It's well known that over exposure to UV radiation (UVR) can have very harmful effects and lead to melanoma, other skin cancers and even eye damage. About 90% of non-melanoma skin cancers are linked with overexposure to UVR from the sun!
With sunburn being the main cause of skin cancer, researchers have developed a paper-based sensor to help people stay safe when outdoors.
A paper patch to warn people to get out of the sun, or to apply more sunscreen.
The novel disposable paper-based wearable UV sensor is so simple to use. When enough UV radiation hits the paper sensor, that resembles a small bandaid in apearance, the dye on the paper changes colour and warns people to be sun safe and apply more sunscreen, because the time it takes to get sunburnt depends on many factors and it's not always easy to tell when to seek shade. The paper based sensor even takes into account different Sun Protection Factors (SPFs) of sunscreens that are applied on the skin and people's varying skin tones.
It's simple, single use and dispososable and can help people stay sun safe especially outdoor workers, parents and children as it simply informs them that it's time to reapply sunscreen or reduce their exposure to UV radiation.
As UV radiation damage is permanent and often irreversible, this invention could possibly be the best UV and sunburn prevention ever.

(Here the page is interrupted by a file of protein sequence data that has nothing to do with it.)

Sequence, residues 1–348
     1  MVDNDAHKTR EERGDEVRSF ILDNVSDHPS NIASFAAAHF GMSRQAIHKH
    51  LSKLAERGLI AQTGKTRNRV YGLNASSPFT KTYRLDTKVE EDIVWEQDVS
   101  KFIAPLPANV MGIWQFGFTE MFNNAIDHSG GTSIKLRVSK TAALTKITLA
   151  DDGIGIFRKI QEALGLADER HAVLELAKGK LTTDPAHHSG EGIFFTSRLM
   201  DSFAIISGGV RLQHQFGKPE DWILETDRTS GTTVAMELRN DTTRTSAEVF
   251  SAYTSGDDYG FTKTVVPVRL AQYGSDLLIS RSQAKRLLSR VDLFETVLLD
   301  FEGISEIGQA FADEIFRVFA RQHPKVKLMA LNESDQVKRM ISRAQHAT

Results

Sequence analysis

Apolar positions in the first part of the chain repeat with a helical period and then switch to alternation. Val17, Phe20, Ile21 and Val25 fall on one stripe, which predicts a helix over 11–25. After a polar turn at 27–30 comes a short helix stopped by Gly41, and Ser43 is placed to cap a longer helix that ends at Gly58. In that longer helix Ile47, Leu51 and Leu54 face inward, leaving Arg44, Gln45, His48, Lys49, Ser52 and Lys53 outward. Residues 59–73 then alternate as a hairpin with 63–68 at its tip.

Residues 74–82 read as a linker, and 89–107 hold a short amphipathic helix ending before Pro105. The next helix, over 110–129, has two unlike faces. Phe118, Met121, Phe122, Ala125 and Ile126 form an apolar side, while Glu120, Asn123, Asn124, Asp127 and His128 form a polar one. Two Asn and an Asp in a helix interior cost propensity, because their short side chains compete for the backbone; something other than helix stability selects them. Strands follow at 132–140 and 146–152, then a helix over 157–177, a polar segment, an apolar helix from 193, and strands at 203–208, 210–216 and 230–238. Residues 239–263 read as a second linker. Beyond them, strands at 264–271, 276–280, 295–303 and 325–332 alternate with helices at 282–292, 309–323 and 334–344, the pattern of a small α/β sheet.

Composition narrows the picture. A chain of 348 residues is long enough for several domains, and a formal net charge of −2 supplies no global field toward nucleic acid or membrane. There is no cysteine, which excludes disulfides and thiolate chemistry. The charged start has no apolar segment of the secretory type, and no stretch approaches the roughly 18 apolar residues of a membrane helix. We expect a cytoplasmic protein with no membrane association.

- Wearable paper-based sensor for monitoring sun exposure
- Ready for commercial development
- Easy to manufacture
- Non-toxic, FDA approved materials
- Single use, simple to use patch
- Real time monitoring
- No high-tech gadgets to operate
- Tailored to different skin types
- Can reduce risk of skin cancer
- Massive market potential: suitable for personal consumer market and businesses, for outdoor workers who have high risk of exposure to UV radiation
- Healthcare: real time UV monitoring and prevention for children and adults
- Sun tanning applications (negative test for safety threshold of UV exposure)
- Proof of UV Light Steralization
Recent news articles
UNSW is seeking a partner to license this technology or to work with the researchers to further develop this technology. An Australian provisional patent has been filed (No. 2016900761) in March 2016.